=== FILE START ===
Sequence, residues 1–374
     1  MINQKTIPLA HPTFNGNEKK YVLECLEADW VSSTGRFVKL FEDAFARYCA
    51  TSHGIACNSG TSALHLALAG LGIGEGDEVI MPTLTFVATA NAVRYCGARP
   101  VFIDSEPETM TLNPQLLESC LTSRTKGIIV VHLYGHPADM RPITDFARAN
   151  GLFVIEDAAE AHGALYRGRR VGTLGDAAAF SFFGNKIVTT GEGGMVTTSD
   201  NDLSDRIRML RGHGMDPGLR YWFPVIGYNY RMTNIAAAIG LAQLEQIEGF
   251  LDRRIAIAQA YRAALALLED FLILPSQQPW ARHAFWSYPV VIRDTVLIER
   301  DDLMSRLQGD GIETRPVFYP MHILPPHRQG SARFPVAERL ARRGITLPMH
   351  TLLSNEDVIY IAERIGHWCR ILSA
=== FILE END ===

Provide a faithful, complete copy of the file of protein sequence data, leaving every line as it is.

Sequence, residues 1–374
     1  MINQKTIPLA HPTFNGNEKK YVLECLEADW VSSTGRFVKL FEDAFARYCA
    51  TSHGIACNSG TSALHLALAG LGIGEGDEVI MPTLTFVATA NAVRYCGARP
   101  VFIDSEPETM TLNPQLLESC LTSRTKGIIV VHLYGHPADM RPITDFARAN
   151  GLFVIEDAAE AHGALYRGRR VGTLGDAAAF SFFGNKIVTT GEGGMVTTSD
   201  NDLSDRIRML RGHGMDPGLR YWFPVIGYNY RMTNIAAAIG LAQLEQIEGF
   251  LDRRIAIAQA YRAALALLED FLILPSQQPW ARHAFWSYPV VIRDTVLIER
   301  DDLMSRLQGD GIETRPVFYP MHILPPHRQG SARFPVAERL ARRGITLPMH
   351  TLLSNEDVIY IAERIGHWCR ILSA